Animal’s Daily Student Loan News

Here, from the Mises Institute, is a fun little fable on student loans.  Excerpt:

A student goes into a bank. He tells the personal loan banker, “I want to borrow $7,500 per year for the next four or five years.”

“That’s at least $30,000 over time,” the banker says. “Personal loans have a 10 percent interest factor.”

“For my loan,” says the student, “I need an interest rate close to a home mortgage, like 6 percent. Also, I don’t want to be charged interest for the first four or five years of the loan.”

The banker asks, “How long will this loan be for?”

“A twenty-year payoff after graduation or shorter,” replies the student.

The banker asks, “Do you have any collateral assets to secure the loan?”

The student says, “No collateral, but I promise to pay it off when I get a job.”

The banker is incredulous. “Anything else you want to tell me about your plans?”

“Yes,” the student says, “there is a 10 percent chance that I will totally default in the first year and a 30 percent chance that I won’t finish my degree. And I may default a few times paying off my loan.”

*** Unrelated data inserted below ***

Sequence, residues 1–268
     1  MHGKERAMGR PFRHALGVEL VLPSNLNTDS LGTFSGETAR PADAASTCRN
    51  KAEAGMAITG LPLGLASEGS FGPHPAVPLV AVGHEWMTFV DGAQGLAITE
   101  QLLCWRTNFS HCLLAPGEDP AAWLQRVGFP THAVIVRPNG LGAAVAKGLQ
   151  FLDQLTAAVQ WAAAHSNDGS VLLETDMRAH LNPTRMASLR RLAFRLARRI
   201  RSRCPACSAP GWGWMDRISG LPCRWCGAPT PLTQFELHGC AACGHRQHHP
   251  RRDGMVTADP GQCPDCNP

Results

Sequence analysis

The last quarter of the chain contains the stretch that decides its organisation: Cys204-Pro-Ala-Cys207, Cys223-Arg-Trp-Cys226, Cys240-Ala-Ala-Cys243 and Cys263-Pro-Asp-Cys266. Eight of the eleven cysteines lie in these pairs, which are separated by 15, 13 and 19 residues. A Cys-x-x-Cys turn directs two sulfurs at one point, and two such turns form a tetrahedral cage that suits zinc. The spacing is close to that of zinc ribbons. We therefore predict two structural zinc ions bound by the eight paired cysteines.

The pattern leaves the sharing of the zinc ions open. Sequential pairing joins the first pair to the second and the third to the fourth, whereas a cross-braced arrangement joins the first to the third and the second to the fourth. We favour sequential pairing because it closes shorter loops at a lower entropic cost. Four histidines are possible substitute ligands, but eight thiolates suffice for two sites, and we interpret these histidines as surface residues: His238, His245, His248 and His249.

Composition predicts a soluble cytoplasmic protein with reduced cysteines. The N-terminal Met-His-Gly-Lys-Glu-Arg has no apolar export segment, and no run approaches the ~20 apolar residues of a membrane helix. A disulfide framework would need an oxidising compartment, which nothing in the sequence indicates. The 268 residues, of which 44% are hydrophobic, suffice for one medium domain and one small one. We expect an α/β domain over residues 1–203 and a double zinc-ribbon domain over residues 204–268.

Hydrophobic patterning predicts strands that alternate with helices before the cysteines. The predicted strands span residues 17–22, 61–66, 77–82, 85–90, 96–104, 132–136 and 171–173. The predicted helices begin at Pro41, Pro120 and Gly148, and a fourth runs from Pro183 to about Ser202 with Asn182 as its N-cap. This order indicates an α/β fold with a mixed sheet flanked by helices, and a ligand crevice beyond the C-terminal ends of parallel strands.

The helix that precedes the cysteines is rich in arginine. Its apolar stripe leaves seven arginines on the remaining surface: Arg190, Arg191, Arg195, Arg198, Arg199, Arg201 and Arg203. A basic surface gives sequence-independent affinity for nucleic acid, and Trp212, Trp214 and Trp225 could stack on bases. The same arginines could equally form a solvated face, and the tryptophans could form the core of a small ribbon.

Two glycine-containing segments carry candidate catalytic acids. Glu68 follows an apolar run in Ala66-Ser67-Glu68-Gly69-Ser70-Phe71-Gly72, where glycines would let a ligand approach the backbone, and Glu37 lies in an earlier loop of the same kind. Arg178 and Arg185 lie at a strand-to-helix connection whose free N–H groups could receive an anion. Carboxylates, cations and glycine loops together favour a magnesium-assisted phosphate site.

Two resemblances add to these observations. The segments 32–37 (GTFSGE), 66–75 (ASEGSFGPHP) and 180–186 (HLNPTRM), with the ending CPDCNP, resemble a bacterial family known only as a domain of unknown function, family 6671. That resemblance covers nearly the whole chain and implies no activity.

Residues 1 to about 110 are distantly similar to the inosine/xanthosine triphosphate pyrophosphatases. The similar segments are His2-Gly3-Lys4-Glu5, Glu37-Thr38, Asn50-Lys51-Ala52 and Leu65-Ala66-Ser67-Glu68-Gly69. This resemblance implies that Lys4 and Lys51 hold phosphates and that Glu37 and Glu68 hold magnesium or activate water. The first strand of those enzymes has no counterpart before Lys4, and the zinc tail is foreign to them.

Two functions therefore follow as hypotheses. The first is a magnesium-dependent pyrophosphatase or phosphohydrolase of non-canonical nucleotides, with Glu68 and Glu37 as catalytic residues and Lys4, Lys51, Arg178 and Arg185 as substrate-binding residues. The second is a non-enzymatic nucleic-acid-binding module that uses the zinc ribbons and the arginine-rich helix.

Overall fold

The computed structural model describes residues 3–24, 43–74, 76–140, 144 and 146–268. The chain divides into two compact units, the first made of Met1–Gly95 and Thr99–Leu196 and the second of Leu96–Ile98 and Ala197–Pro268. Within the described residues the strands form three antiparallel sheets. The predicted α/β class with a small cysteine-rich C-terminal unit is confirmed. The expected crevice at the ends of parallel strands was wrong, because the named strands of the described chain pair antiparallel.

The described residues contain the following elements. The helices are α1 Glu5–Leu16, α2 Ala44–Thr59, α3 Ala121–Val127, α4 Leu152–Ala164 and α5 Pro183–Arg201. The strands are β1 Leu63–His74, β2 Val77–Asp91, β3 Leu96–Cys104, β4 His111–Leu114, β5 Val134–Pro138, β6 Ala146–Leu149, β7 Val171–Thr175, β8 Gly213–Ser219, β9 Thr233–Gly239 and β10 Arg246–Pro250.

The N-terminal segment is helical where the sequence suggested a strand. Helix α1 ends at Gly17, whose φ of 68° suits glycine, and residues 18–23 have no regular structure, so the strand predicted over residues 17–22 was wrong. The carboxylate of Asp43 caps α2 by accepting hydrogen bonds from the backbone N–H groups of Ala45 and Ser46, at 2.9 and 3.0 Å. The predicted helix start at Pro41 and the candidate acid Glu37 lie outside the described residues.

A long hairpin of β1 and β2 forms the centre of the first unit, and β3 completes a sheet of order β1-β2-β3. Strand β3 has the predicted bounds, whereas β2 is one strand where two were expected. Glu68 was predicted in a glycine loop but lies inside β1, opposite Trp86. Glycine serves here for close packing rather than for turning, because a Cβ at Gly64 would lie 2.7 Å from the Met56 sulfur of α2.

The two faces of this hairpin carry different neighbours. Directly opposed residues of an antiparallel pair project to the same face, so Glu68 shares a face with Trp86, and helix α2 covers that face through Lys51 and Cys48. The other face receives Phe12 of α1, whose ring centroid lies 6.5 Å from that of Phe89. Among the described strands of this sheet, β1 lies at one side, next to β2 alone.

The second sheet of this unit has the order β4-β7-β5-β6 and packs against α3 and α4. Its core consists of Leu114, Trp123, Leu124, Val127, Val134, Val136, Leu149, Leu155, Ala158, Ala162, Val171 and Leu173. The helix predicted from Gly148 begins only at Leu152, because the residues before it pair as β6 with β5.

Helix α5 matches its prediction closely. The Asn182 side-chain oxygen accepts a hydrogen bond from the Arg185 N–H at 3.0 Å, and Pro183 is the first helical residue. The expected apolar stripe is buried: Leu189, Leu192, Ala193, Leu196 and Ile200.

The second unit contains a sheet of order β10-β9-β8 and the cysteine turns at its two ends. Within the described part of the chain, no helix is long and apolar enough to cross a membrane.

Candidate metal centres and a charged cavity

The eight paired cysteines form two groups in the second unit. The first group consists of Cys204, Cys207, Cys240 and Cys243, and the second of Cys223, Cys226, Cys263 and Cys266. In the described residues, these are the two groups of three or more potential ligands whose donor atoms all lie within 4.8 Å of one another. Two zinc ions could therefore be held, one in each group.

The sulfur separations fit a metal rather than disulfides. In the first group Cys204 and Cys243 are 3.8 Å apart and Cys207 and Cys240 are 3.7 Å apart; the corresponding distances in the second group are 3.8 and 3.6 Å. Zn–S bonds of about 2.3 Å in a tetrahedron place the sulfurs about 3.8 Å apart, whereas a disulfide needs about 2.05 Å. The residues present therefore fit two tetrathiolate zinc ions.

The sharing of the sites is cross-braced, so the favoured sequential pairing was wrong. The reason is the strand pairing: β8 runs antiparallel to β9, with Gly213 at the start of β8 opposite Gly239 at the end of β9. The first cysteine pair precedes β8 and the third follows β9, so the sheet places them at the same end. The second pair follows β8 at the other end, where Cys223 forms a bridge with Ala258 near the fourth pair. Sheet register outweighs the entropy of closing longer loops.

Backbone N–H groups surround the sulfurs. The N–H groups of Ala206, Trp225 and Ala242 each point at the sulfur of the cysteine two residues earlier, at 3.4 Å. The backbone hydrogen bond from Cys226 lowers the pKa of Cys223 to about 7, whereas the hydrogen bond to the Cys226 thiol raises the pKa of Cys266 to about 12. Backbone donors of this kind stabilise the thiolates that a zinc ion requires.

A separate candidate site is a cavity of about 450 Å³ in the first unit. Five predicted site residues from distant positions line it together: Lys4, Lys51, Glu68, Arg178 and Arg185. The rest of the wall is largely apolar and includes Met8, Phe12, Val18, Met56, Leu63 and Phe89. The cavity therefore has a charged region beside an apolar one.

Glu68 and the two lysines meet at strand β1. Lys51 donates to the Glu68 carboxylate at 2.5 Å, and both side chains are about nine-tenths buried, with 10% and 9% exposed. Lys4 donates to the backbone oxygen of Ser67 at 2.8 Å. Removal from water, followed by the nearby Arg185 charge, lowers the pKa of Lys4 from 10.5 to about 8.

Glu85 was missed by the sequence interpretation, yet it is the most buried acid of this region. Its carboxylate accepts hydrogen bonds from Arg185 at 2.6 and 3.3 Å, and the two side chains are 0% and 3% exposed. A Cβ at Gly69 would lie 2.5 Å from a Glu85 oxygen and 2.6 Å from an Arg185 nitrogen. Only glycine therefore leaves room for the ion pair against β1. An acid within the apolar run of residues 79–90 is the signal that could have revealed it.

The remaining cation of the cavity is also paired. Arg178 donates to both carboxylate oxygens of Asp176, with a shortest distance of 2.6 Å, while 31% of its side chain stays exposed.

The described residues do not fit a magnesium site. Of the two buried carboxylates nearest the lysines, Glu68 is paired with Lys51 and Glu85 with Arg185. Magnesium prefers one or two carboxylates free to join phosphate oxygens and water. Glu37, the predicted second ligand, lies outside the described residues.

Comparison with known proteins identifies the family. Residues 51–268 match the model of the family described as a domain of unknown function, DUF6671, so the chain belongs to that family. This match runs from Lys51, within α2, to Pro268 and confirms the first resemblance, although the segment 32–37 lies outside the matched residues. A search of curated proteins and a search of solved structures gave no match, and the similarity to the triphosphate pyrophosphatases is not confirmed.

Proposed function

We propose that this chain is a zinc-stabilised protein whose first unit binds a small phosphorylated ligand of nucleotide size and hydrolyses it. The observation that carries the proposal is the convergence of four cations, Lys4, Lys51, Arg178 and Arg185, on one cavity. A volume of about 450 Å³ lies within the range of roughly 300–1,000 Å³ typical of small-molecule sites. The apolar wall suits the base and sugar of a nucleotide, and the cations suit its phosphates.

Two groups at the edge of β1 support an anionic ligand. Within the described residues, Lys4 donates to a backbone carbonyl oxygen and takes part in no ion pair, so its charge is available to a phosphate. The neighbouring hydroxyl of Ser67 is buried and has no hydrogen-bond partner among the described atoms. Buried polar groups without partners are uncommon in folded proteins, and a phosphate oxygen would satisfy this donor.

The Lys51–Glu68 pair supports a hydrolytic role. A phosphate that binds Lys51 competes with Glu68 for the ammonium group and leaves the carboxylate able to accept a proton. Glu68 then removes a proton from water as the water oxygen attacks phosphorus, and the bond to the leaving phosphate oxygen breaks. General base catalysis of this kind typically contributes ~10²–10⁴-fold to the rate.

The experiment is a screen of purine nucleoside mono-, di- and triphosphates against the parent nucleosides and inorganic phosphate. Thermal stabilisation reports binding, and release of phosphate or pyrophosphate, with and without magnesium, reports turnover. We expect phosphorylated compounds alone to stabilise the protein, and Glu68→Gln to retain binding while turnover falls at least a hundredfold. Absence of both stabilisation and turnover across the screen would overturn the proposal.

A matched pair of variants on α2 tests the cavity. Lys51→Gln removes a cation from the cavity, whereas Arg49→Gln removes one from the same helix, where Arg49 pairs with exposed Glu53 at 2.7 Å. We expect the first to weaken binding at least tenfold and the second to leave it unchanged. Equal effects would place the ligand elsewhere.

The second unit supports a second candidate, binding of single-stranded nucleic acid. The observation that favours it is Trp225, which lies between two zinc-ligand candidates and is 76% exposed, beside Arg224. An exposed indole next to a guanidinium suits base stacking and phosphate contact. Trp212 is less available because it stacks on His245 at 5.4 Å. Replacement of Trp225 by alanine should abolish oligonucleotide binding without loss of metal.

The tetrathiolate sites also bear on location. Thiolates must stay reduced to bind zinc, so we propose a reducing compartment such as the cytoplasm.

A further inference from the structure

The banker looks ready to pass out.

It gets worse from there.

At the risk of repeating myself (something I’ve never had trouble doing in any case) I’ll state the obvious answer to this, in fact the answer that would also put paid all of the stupid, useless Underwater Ethnic Dog-Polishing Studies degrees:  Privatize education and the financing of education.  All of it.

Right now, on student loans, the risk of default is borne by the taxpayer; there is no risk to the lender.  If we made that one change, so that the risk of default is borne by the lender, you’d see a big sea change in the way student loans were approved and disbursed.

Conversations like the one in this fun little fable would then be very, very different.